Categories
Issue 8

Ramy

‘The road to hell is paved with good intentions’ is the phrase that this gripping two-season series embodies. The show follows the life of Ramy Hassan, an American millennial with roots in Egypt, and captures how he grapples with his conception of the ideas of spirituality, love, religion, family, and judgement. The comedy-drama encapsulates snippets of what constitutes a sense of belonging for a minority, immigrant community in the United States and humorously captures the cultural conflicts and politics of the two nations that Ramy identifies with, the USA and Egypt. 

While the first season gives us a glimpse of the characters and their ideas, the second season grips one further as Ramy finds himself in unfamiliar terrain in Egypt, falling in love, drifting in and out of religious ideals and finding a Sufi spiritual instructor in Mahershala Ali. The show highlights contradictions between belief and faith, religious practice and understanding, family and loyalty and portrays the characters’ struggles with religious practice in a world of sin and vice. The show takes pace as it highlights religious biases, perceptions about Muslims and Ramy’s ‘well-intentioned sins’ as he tries to navigate between the ‘haram’ and ‘halal’ life while judging those around him.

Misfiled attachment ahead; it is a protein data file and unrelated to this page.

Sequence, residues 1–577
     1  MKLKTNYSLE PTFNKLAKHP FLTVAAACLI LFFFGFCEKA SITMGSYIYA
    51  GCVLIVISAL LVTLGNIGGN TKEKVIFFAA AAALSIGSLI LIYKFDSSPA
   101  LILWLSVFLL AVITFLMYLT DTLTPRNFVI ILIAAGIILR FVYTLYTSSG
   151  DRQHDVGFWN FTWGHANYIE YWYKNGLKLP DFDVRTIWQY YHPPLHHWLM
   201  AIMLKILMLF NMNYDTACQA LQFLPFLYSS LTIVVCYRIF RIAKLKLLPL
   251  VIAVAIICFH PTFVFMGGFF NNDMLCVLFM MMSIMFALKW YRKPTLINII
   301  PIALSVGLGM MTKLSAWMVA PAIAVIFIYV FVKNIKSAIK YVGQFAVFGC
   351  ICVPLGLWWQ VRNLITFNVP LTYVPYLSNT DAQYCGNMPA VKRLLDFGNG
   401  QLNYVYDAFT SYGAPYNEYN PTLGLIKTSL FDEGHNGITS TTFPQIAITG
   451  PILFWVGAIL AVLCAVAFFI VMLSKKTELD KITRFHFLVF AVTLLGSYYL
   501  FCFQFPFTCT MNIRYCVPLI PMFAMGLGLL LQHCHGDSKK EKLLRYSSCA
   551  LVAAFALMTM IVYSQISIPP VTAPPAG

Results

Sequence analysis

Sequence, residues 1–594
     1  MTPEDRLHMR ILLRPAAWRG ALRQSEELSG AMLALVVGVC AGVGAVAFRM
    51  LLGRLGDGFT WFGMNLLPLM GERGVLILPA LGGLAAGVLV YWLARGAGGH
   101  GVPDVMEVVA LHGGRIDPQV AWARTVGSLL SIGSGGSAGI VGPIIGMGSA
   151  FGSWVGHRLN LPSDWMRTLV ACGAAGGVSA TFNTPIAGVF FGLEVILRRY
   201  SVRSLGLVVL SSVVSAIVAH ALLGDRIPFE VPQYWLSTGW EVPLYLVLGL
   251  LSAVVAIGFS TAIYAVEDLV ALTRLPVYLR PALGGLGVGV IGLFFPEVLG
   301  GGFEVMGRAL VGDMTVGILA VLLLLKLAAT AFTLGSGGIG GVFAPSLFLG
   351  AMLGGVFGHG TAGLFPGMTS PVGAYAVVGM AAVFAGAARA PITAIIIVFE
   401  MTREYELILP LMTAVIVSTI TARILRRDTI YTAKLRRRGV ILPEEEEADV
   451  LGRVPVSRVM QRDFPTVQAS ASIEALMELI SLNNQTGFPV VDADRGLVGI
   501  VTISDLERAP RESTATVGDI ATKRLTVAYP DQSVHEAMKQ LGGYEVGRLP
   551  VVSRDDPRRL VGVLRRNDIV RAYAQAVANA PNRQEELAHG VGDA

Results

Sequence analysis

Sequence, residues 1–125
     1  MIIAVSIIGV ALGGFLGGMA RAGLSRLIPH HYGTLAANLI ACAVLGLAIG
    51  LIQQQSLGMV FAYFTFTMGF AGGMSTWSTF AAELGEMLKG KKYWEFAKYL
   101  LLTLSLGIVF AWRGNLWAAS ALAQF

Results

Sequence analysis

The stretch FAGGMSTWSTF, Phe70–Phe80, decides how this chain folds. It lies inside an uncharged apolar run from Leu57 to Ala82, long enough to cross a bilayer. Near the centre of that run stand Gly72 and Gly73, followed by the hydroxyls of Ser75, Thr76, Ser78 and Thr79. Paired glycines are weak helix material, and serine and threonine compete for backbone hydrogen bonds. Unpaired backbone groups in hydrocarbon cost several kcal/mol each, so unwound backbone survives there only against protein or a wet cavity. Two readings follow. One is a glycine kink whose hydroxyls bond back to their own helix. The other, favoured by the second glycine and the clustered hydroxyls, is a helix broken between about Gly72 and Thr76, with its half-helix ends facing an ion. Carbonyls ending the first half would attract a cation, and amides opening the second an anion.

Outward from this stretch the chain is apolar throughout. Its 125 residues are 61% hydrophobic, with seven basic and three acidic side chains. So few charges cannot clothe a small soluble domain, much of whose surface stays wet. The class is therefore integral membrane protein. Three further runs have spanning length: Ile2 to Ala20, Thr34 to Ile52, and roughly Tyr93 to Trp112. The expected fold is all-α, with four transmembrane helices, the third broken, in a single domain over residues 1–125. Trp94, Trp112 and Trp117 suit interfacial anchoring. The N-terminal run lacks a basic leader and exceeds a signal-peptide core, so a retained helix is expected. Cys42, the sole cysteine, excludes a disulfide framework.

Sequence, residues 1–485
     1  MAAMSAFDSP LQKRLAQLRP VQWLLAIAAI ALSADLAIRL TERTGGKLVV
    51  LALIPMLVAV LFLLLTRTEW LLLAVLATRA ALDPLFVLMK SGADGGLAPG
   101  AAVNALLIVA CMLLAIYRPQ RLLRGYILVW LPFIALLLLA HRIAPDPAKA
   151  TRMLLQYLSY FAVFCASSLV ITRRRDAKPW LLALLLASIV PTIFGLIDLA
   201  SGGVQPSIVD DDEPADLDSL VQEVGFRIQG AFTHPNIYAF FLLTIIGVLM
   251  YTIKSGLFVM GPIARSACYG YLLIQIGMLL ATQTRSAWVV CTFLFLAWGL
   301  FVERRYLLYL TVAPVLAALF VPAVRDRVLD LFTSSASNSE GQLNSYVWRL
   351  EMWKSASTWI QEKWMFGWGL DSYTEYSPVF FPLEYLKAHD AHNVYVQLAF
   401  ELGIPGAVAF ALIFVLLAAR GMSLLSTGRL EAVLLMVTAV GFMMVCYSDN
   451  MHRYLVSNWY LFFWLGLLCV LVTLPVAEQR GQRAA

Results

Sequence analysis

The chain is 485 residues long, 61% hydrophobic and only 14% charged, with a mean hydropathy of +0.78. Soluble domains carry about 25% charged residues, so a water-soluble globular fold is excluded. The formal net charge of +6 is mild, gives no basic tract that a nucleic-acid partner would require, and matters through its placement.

Quick-one liners, puns on Trump, Islam and its relationship with the USA and a representation of religious performance and faith is what makes Ramy a must watch. Each character in the show has a different story, slowly unfurling in the background as Ramy struggles to juggle between Friday afternoon prayers and Friday night parties.

Categories
Issue 8

Headliner: A Chilling View of How Hate Sells

Headliner is an indie game developed by Jakub Kasztalski, where players are tasked with being the editor of a fictional magazine in a fictional town. Their responsibilities are primarily concerned with choosing which stories get reported in the next day’s news cycle. As the editor, players need to prioritize the news stories that they believe best contributes to the social cohesion of the town, while at the same time ensuring that their newspaper remains profitable. 

The game soon evolves into a test of character, as all the choices that players make directly affect their in-game family and society. Kasztalski effectively establishes conflicts that are hard to navigate – with players’ job security, familial interests and general social atmosphere often placed at odds with one another. Ranging from issues of sensationalism and hateful narratives, to personal biases and ambitions, the game provides its players with an understanding of the complexities within the operation of news media. In an ecosystem where stories that sell better outshine those more worthy of telling, Headliner proves to be an inexplicably valuable tool for highlighting the processes and dilemmas underlying contemporary reportage.